Sheriff’s deputies and district security officers meet weekly, said Capt. Dallas Lavergne of the Shelby County Sheriff’s Office. When the Memphis Police Department pulled their officers out of school buildings following the merger of city and county school systems, the county Sheriff’s Office replaced them with deputies.

All deputy recruits go through school resource officer training, and those who are assigned to schools get additional annual training. In a 2013 review of police academies across the nation, Tennessee was cited as the only state that had specific training for officers deployed to schools.

call out

Our readers had a lot to say in 2017. Make your voice heard in 2018.

PHOTO: Chris Hill/Whitney Achievement School
Teacher Carl Schneider walks children home in 2015 as part of the after-school walking program at Whitney Achievement Elementary School in Memphis. This photograph went viral and inspired a First Person reflection from Schneider in 2017.

Last year, some of our most popular pieces came from readers who told their stories in a series that we call First Person.

For instance, Carl Schneider wrote about the 2015 viral photograph that showed him walking his students home from school in a low-income neighborhood of Memphis. His perspective on what got lost in the shuffle continues to draw thousands of readers.

First Person is also a platform to influence policy. Recent high school graduate Anisah Karim described the pressure she felt to apply to 100 colleges in the quest for millions of dollars in scholarships. Because of her piece, the school board in Memphis is reviewing the so-called “million-dollar scholar” culture at some high schools.

Do you have a story to tell or a point to make? In 2018, we want to give an even greater voice to students, parents, teachers, administrators, advocates and others who are trying to improve public education in Tennessee. We’re looking for essays of 500 to 750 words grounded in personal experience.

Whether your piece is finished or you just have an idea to discuss, drop a line to Community Editor Caroline Bauman at

But first, check out these top First Person pieces from Tennesseans in 2017:

My high school told me to apply to 100 colleges — and I almost lost myself in the process

“A counselor never tried to determine what the absolute best school for me would be. I wasted a lot of time, money and resources trying to figure that out. And I almost lost myself in the process.” —Anisah Karim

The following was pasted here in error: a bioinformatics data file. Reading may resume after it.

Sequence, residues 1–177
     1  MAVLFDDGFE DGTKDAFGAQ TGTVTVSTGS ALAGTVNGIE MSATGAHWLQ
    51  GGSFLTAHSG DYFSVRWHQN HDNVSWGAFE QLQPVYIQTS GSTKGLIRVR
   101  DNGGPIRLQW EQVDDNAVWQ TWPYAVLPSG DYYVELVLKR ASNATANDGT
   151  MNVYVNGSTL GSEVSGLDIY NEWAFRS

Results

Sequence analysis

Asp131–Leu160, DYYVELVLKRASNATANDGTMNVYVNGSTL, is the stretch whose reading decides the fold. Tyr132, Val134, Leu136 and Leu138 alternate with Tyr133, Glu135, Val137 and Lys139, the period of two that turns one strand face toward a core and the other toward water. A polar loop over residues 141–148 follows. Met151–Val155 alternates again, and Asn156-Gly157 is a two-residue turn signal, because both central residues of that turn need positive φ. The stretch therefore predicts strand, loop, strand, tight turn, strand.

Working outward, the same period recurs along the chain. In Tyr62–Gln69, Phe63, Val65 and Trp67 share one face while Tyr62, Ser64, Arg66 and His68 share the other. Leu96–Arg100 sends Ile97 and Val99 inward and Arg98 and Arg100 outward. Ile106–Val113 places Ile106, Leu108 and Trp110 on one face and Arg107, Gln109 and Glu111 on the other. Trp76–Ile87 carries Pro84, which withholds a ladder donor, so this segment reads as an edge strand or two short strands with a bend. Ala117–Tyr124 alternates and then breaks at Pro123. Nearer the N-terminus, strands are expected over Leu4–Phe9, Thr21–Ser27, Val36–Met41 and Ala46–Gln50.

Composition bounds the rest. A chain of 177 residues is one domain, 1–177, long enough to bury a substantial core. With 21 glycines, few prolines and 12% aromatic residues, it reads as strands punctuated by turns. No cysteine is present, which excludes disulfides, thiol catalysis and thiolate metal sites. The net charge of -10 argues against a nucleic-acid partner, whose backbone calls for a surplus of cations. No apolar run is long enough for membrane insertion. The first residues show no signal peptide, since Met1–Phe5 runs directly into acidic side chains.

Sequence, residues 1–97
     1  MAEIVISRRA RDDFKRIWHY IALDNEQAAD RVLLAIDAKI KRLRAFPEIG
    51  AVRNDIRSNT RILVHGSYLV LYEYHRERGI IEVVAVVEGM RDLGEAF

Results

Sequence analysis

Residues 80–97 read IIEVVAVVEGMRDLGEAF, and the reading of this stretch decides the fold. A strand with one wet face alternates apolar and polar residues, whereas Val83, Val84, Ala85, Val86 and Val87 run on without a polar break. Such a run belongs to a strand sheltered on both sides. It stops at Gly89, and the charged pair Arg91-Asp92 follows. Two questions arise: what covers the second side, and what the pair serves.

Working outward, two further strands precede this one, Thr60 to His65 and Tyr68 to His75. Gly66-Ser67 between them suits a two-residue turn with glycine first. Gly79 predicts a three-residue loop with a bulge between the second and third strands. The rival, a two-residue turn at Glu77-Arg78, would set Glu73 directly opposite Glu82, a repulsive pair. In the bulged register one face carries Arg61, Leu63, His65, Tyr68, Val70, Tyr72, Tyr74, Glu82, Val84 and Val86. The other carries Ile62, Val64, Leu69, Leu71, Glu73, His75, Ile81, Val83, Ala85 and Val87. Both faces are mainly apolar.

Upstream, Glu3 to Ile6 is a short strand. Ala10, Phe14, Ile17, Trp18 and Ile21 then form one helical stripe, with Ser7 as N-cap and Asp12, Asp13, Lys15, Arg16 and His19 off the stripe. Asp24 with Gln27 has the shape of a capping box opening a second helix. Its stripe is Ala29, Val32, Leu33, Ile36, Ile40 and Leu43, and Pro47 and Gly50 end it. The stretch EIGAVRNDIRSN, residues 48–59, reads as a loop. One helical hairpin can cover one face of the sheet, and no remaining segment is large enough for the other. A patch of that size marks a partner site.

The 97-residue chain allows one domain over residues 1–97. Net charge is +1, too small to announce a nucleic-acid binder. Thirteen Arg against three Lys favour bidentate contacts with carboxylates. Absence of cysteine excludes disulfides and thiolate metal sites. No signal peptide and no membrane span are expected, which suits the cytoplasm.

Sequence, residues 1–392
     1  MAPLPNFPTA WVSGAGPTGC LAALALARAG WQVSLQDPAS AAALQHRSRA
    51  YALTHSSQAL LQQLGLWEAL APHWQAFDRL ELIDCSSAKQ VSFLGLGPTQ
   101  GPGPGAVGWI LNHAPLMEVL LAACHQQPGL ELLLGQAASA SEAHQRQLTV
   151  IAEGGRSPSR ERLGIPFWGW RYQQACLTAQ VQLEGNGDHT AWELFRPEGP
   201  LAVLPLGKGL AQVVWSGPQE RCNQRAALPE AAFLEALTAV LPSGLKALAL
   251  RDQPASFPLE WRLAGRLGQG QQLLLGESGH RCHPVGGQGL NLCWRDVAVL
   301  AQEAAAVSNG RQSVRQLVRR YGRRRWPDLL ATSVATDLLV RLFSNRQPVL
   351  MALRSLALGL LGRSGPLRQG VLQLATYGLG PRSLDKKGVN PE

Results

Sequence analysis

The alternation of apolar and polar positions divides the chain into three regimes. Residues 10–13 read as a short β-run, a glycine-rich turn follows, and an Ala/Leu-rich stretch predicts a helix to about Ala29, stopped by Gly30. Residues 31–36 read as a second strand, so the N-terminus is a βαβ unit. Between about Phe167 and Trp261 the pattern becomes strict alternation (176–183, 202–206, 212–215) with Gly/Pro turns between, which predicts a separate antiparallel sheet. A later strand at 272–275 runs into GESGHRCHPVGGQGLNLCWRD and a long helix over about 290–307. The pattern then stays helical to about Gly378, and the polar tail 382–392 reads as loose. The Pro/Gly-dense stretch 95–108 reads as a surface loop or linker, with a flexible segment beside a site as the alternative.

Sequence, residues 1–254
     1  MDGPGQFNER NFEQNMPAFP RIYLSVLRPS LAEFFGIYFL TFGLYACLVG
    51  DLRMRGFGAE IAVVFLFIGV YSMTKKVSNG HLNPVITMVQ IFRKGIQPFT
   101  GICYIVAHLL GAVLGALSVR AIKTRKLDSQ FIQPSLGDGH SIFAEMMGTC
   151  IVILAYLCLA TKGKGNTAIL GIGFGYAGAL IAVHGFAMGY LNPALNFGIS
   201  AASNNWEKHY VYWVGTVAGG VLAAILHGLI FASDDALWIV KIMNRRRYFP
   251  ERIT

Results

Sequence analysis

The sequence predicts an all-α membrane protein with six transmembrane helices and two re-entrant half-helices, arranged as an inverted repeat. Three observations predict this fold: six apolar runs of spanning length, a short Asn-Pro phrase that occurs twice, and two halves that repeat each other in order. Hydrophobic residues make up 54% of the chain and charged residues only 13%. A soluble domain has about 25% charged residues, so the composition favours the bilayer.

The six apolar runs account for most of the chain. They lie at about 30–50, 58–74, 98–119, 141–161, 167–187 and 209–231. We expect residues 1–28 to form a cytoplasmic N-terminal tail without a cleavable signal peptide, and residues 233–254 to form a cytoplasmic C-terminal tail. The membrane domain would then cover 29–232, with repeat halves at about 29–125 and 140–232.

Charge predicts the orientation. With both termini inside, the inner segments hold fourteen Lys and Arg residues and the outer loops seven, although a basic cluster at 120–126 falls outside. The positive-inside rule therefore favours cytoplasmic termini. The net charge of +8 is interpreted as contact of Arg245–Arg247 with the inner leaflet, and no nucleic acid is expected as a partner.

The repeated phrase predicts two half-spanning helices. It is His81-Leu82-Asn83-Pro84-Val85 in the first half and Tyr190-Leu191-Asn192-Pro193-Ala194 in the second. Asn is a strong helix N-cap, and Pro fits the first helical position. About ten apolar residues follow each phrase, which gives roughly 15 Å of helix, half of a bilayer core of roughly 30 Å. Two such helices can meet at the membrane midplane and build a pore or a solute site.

Why I’m not anxious about where my kids go to school — but do worry about the segregation that surrounds us

“In fact, it will be a good thing for my boys to learn alongside children who are different from them in many ways — that is one advantage they will have that I did not, attending parochial schools in a lily-white suburb.” —Mary Jo Cramb

I covered Tennessee’s ed beat for Chalkbeat. Here’s what I learned.

“Apathy is often cited as a major problem facing education. That’s not the case in Tennessee.” —Grace Tatter

I went viral for walking my students home from school in Memphis. Here’s what got lost in the shuffle.

“When #blacklivesmatter is a controversial statement; when our black male students have a one in three chance of facing jail time; when kids in Memphis raised in the bottom fifth of the socioeconomic bracket have a 2.6 percent chance of climbing to the top fifth — our walking students home does not fix that, either.” —Carl Schneider

I think traditional public schools are the backbone of democracy. My child attends a charter school. Let’s talk.

“It was a complicated choice to make. The dialogue around school choice in Nashville, though, doesn’t often include much nuance — or many voices of parents like me.” —Aidan Hoyal

I grew up near Charlottesville and got a misleading education about Civil War history. Students deserve better.

“In my classroom discussions, the impetus for the Civil War was resigned to a debate over the balance of power between federal and state governments. Slavery was taught as a footnote to the cause of the war.” —Laura Faith Kebede